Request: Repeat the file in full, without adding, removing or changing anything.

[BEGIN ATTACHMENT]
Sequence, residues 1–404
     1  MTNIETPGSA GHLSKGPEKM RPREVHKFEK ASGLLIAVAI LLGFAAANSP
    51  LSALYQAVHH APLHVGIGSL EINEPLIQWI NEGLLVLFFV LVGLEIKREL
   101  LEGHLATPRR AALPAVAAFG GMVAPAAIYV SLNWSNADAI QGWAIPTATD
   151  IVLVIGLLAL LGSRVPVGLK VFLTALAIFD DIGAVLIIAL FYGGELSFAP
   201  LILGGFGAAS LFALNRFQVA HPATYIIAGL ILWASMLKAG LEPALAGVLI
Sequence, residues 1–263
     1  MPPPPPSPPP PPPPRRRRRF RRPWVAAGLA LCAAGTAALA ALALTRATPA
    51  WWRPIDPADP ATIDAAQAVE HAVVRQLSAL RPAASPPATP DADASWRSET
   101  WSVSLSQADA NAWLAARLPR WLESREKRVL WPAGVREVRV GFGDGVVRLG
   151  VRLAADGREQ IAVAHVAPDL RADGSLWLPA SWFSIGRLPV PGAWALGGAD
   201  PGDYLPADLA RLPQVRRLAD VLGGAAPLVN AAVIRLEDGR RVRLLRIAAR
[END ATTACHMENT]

Sequence, residues 1–404
     1  MTNIETPGSA GHLSKGPEKM RPREVHKFEK ASGLLIAVAI LLGFAAANSP
    51  LSALYQAVHH APLHVGIGSL EINEPLIQWI NEGLLVLFFV LVGLEIKREL
   101  LEGHLATPRR AALPAVAAFG GMVAPAAIYV SLNWSNADAI QGWAIPTATD
   151  IVLVIGLLAL LGSRVPVGLK VFLTALAIFD DIGAVLIIAL FYGGELSFAP
   201  LILGGFGAAS LFALNRFQVA HPATYIIAGL ILWASMLKAG LEPALAGVLI
Sequence, residues 1–263
     1  MPPPPPSPPP PPPPRRRRRF RRPWVAAGLA LCAAGTAALA ALALTRATPA
    51  WWRPIDPADP ATIDAAQAVE HAVVRQLSAL RPAASPPATP DADASWRSET
   101  WSVSLSQADA NAWLAARLPR WLESREKRVL WPAGVREVRV GFGDGVVRLG
   151  VRLAADGREQ IAVAHVAPDL RADGSLWLPA SWFSIGRLPV PGAWALGGAD
   201  PGDYLPADLA RLPQVRRLAD VLGGAAPLVN AAVIRLEDGR RVRLLRIAAR